very letter or number you type online takes up approximately one byte of storage in the cloud. And all your tweets, emails, and other assorted pieces of data end up being stored in vast centers requiring unfathomable amounts of energy. The New York Times investigated the huge amounts of power that go into the sprawling server farms that backup your emails, Dropbox, Pinterest, and everything Google, all of which require equally massive and expensive cooling systems to keep them humming along. Here, a brief look at the eye-popping numbers:
Bytes used to store a single letter or number
Gigabytes required to store for one billion bytes of information
Gigabytes used by a "data-intensive customer" who stored a lot of data in server farms 10 years ago
Gigabytes processed and housed in data centers during the creation of a single 3D-animated movie today
Gigabytes of data produced each day by the New York Stock Exchange
Watts of electricity used by digital warehouses worldwide, roughly equivalent to the output of 30 nuclear power plants
Kilowatt-hours used by data centers nationwide in 2010, or roughly 2 percent of all electricity used in the United States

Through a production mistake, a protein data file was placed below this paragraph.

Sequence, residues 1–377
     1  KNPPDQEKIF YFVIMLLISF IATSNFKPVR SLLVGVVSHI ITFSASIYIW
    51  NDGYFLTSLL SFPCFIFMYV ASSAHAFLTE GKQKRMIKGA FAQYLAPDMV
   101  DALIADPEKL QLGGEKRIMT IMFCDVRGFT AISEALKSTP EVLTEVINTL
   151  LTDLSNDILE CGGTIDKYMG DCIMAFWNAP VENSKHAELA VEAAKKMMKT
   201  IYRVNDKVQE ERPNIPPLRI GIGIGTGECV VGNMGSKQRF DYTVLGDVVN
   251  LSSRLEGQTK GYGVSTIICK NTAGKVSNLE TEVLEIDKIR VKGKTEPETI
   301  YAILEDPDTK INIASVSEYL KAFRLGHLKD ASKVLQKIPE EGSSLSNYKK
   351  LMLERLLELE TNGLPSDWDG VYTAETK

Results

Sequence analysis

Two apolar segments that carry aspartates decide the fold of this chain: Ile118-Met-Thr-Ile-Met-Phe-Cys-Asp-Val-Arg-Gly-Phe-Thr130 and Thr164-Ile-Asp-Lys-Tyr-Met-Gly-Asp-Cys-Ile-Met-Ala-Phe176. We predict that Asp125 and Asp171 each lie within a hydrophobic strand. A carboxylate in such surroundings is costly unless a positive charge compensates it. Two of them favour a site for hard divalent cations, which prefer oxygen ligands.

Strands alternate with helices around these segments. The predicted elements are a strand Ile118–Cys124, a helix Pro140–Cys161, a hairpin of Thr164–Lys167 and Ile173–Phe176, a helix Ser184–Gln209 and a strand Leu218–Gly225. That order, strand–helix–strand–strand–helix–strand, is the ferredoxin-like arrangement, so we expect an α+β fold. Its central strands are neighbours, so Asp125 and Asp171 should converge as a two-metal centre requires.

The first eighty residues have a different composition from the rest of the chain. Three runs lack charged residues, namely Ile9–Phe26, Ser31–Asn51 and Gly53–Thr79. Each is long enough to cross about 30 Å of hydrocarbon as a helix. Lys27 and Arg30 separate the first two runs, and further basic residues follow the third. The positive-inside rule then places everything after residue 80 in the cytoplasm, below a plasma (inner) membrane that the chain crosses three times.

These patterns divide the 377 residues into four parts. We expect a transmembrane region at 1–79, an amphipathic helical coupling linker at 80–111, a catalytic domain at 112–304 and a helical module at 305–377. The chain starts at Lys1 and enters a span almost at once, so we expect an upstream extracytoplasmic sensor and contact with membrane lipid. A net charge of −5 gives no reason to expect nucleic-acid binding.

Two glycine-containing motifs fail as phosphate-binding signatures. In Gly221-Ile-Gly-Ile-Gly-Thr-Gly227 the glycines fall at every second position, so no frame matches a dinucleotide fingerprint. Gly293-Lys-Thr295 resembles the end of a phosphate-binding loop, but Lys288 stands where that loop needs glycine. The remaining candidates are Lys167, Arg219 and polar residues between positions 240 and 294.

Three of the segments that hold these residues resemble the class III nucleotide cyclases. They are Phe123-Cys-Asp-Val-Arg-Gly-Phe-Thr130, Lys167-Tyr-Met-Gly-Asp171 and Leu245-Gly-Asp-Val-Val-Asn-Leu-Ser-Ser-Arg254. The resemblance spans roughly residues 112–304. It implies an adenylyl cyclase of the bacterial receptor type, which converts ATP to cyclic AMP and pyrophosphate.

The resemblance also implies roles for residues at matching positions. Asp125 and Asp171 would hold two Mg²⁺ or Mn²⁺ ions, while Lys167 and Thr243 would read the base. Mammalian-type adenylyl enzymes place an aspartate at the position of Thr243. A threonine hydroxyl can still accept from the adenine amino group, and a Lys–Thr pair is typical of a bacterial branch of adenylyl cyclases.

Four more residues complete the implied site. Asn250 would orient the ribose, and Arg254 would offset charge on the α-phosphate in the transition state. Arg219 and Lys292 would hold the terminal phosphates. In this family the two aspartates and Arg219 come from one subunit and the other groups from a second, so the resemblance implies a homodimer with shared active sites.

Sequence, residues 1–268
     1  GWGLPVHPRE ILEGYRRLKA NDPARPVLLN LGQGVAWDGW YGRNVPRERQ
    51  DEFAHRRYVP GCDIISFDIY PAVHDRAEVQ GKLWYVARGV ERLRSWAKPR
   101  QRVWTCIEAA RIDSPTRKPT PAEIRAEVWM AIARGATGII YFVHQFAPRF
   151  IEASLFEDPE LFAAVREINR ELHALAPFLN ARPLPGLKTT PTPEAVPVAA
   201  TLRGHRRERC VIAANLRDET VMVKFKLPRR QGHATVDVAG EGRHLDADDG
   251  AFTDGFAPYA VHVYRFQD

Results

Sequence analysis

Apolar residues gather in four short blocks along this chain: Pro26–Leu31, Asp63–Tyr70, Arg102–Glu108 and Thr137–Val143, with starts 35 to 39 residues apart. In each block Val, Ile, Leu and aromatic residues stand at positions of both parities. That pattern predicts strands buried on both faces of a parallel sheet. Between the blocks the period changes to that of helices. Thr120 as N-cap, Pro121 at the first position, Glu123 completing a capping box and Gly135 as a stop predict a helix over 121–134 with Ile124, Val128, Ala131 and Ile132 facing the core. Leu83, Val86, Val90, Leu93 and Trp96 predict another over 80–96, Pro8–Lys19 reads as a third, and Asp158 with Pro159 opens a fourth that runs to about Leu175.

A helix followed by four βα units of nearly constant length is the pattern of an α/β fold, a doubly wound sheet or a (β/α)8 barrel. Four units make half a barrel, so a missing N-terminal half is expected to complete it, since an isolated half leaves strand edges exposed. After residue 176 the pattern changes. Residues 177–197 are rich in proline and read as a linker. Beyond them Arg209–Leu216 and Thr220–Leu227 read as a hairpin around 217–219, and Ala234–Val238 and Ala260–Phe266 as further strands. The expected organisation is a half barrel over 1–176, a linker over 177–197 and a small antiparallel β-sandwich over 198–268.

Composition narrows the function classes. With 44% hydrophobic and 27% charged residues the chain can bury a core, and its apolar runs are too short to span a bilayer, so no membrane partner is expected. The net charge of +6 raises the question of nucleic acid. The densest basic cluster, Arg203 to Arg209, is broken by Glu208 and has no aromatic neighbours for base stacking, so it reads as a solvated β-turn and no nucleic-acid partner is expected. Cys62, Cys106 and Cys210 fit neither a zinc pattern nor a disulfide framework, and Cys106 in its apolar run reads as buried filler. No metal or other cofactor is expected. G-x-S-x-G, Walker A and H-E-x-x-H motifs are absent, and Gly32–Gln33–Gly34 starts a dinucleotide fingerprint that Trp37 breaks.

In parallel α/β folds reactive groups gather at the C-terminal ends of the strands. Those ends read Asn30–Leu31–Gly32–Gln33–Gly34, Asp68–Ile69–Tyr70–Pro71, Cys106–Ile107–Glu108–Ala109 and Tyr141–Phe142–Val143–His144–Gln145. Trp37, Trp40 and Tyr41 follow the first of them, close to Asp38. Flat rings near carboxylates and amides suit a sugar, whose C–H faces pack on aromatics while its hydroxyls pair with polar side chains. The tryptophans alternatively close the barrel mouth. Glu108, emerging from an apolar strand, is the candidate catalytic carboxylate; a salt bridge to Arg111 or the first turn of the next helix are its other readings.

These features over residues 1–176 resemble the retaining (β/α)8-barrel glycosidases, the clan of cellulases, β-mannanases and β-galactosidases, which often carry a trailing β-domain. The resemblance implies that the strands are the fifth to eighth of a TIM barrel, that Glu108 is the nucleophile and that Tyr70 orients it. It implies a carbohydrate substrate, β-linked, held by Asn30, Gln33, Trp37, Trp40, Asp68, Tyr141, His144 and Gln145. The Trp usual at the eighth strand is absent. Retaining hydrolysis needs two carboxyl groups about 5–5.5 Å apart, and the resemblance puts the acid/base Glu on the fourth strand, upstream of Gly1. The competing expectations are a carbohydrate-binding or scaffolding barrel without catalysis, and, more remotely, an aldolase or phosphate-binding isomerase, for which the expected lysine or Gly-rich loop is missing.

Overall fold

Average watts of power consumed by Google's data centers, according to a recent disclosure that didn't specify a timeframe
Average watts of power consumed by Facebook's data centers, also according to the recent disclosure
Percentage of total electricity used that is wasted by these data centers, says The New York Times, which, "by design, consume vast amounts of energy in an incongruously wasteful manner" because they run at maximum capacity "around the clock, whatever the demand." In many instances, these data centers pull in more electricity than a "medium-sized town," says Eric Limer at Gizmodo.
6 to 12
Percentage of electricity powering servers that perform actual tasks, according to consulting firm McKinsey & Company. "The rest were essentially used to keep servers idling and ready in case of a surf in activity that could slow or crash their operations," says the Times.
Federal data centers owned by the government in 1998
Federal data centers owned by the government in in 2010
Homes that could be powered by backup diesel gas-powered generators that data centers sometimes use if there's an outage
Air quality regulations cited to Amazon over a three-year period in Northern Virginia, allegedly for using said diesel generators without obtaining proper environmental permits first
Watts of electricity most data centers in Northern Virginia now consume
Watts of electricity these same data centers could be consuming by 2017
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